A and A's Movie A Day

Watching movies until we run out.

Dark City

October 17, 2010

Dark City

Way back at the start of this movie project when we reviewed Knowing I talked about how I had purchased it based only on the fact that it had the name of Alex Proyas attached to it. For me that name has a special magic, and this movie is the reason why. I couldn’t tell you how many times I’ve seen this film. At one point after this came out on DVD I watched this movie almost every day. It’s such a wonderfully put together story, such a strange and mysterious world and filled with such strange and broken characters.

I could over-simplify and say that this is a noir sci-fi mystery, which is mostly true. At its core it excels at presenting that dark, moody look of the old noir mysteries of the past, and mixing in a ton of cool special effects with a sci-fi story behind it all. Mix this with an astonishing cast of brilliant actors, a wonderful script, and magical production design. Even with all that there’s something other and beyond that which brings the whole movie together. It’s all those things, but it’s also more than the sum of its parts.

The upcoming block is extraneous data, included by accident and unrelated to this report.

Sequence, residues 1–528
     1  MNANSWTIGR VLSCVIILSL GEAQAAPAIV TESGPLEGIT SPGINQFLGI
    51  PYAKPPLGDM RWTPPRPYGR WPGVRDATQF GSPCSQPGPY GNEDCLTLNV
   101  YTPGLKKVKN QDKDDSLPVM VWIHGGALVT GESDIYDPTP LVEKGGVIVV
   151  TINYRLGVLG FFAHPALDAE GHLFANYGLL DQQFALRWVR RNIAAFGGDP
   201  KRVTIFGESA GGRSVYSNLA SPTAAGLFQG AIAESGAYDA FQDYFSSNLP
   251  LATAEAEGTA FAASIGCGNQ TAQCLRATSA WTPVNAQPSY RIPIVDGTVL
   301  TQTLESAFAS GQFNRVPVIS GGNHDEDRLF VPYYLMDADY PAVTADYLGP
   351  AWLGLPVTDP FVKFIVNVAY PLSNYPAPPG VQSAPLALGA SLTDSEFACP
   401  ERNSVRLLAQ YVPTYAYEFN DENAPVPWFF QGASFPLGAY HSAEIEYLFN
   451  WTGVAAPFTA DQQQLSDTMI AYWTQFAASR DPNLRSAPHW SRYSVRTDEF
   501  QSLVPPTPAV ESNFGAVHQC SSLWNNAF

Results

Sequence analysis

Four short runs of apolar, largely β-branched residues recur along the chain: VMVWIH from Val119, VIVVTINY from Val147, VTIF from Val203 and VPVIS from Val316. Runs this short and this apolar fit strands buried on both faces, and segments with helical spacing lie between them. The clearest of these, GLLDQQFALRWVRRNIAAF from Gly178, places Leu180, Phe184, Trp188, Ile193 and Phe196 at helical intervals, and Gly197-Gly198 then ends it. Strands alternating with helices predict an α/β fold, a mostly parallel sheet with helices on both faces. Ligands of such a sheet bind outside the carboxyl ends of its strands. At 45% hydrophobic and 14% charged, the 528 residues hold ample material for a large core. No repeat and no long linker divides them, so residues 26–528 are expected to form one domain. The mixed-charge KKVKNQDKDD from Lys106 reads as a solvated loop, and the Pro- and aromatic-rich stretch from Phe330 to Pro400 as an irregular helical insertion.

The movie is called Dark City, and the city is very much one of the stars of the film. Before we meet any of the characters we get a long series of establishing shots that go through the grimy, damp, dark and smoggy streets of the bustling metropolis where this whole film takes place. It’s all narrow streets and looming buildings, elevated train rails and traffic on busy thoroughfares. In design the city is vague about its time period, but it has a sort of art deco 1930s feel, which is in keeping with the noir feel. The bustling crowds that inhabit its streets are all caught in their anonymous lives.